John Swinney: No ‘morale crisis’ among Scots teachers

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John Swinney has insisted Scotland there is no "crisis in morale" among Scottish teachers as he faced a grilling over punishing workloads and low pay.

The education secretary was today told by one retiring head teacher that the profession is "haemorrhaging" staff with questions raised over his ability to deal with the situation.
Mr Swinney also played down the prospect of a strike over pay as he appeared on the BBC Radio Scotland phone-in with Stephen Jardine today.

John Swinney was appearing on BBC Radio Scotland

John Swinney was appearing on BBC Radio Scotland

But he admitted there were "challenges" in the profession as he was grilled by one retiring Primary teacher, identified as Susan, who has worked in the profession for the past 39 years.

She said: "The number of teachers who are leaving - haemorrhaging out of the profession - I would like to know how many probationer teachers carry on and how many years they go into the profession.
"You have a real crisis in recruitment and retention and I don't hear anything there that you've said this morning that would convince me that you have got a handle on this."

She added: "The working time agreement for teachers is almost a joke - there's no way teachers can do the work in the contracted hours in enough time. The morale is so low."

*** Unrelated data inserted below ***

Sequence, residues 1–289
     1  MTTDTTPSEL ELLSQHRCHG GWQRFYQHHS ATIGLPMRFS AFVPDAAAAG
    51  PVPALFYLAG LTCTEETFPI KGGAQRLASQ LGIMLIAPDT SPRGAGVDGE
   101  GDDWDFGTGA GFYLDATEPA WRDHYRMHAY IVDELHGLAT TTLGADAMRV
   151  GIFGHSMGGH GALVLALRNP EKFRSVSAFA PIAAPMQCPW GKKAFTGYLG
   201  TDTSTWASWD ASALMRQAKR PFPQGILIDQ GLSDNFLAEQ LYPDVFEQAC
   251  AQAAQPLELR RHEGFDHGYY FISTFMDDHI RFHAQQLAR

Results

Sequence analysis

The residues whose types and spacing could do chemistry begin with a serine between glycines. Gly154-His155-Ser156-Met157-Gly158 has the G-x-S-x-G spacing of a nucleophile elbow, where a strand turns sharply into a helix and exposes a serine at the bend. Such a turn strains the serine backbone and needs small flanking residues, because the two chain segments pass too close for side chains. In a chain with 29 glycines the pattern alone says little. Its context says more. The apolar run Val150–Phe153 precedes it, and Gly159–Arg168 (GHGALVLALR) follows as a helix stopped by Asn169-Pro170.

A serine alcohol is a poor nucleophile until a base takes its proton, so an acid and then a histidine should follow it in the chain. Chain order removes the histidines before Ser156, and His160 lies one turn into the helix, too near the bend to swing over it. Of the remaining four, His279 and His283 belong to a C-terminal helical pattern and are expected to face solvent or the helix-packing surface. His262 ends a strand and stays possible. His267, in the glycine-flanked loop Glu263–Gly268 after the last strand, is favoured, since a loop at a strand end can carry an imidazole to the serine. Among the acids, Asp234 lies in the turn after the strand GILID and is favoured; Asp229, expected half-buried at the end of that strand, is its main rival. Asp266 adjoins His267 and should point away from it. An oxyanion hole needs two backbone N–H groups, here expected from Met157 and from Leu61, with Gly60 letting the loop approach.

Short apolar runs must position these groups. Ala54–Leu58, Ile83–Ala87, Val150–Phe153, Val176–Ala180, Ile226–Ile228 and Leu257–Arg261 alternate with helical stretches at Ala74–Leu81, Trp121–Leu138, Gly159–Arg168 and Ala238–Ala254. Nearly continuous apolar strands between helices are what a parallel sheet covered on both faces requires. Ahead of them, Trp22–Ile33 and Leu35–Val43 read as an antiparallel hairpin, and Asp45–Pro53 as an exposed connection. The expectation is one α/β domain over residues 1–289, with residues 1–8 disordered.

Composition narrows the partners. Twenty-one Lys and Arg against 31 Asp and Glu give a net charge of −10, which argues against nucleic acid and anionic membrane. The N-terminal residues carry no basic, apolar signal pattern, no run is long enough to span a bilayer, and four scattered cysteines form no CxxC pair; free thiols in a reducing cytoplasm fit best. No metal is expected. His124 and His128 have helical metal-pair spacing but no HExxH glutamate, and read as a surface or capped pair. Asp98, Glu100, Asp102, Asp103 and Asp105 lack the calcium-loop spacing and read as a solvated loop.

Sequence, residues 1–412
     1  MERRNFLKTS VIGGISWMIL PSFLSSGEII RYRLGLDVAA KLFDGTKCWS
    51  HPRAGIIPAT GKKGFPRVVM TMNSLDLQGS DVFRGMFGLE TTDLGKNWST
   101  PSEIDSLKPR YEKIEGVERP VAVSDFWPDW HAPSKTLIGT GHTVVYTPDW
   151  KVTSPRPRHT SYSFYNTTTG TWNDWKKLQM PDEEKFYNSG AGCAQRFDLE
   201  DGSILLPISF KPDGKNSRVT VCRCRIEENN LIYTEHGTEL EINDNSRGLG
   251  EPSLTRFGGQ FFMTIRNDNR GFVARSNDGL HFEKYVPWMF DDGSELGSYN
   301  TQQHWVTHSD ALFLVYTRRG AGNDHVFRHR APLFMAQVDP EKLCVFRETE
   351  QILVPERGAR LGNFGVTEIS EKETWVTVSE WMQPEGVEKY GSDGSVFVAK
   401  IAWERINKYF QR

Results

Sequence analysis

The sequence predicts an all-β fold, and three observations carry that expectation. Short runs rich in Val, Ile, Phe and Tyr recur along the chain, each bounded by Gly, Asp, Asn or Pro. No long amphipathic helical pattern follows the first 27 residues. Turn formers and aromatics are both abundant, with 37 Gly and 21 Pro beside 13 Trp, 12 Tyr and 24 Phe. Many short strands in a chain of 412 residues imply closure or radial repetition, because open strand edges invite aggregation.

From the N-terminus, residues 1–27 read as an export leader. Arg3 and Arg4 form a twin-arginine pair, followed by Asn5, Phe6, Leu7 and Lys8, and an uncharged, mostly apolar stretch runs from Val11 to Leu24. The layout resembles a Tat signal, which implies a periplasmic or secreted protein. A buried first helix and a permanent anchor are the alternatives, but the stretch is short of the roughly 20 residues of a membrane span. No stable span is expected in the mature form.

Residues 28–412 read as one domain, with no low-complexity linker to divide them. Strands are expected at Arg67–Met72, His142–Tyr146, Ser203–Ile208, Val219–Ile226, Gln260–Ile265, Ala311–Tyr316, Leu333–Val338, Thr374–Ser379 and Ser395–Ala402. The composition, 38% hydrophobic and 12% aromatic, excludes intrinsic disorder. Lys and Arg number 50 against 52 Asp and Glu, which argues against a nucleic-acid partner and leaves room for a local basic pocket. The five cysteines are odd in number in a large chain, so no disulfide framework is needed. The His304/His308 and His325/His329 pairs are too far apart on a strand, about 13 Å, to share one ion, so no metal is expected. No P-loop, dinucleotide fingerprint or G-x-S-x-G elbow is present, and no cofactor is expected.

The Education Secretary accepted that teaching is a "very, very busy and demanding life" and admits he often gets "tough feedback" in discussions with teachers.
He said: "My door is very much ope on this question to try to reduce the amount of bureaucratic burden that teachers feel they are facing."


But Mr Swinney added; "I don't think we have a crisis in morale. I think what we have got is a very challenging period in education where we have some staff shortages. The last vacancy survery said we were about 800 teachers short - about 1.5% of the teaching contingent in Scotland."


He said measures had been undertaken to attract new teachers including bursaries to attract professional people to switch careers and teach in the key science, technology and maths subjects.


Teaching unions are currently demanding a 10% pay hike after years of freezes, but only 3% is currently on the table prompting fears of strike action.


"I'm working very hard to ensure there's an agreement and a resolution to teachers' pay claim," Mr Swinney went on.


"Discussions have continued over the Summer and will continue over the Autumn period."